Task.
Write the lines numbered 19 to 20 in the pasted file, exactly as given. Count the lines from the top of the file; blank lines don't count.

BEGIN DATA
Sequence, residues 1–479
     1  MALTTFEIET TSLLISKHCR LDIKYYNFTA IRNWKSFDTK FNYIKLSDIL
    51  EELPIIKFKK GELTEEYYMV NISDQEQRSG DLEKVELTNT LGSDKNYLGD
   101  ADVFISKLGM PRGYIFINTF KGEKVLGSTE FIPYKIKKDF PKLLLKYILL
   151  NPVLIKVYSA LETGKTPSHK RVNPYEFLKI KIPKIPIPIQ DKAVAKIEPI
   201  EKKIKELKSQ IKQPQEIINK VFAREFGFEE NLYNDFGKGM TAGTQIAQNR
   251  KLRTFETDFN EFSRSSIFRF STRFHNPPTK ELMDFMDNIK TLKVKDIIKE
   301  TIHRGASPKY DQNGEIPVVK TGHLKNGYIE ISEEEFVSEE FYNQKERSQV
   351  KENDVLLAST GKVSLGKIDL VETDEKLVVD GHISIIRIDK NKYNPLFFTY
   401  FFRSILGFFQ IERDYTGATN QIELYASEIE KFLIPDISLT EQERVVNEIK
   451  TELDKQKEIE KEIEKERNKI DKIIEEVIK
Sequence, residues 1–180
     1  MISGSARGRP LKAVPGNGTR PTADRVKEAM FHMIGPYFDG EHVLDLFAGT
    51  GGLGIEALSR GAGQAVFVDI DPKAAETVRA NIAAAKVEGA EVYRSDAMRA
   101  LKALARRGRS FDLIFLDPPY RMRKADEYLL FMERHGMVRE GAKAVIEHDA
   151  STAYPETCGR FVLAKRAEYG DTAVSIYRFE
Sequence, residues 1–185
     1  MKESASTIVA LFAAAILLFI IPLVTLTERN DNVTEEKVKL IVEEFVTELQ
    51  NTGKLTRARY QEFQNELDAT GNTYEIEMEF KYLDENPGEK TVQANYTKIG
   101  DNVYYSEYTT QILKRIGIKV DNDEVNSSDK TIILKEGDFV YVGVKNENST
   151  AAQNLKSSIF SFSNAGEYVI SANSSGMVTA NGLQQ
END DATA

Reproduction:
    51  NTGKLTRARY QEFQNELDAT GNTYEIEMEF KYLDENPGEK TVQANYTKIG
   101  DNVYYSEYTT QILKRIGIKV DNDEVNSSDK TIILKEGDFV YVGVKNENST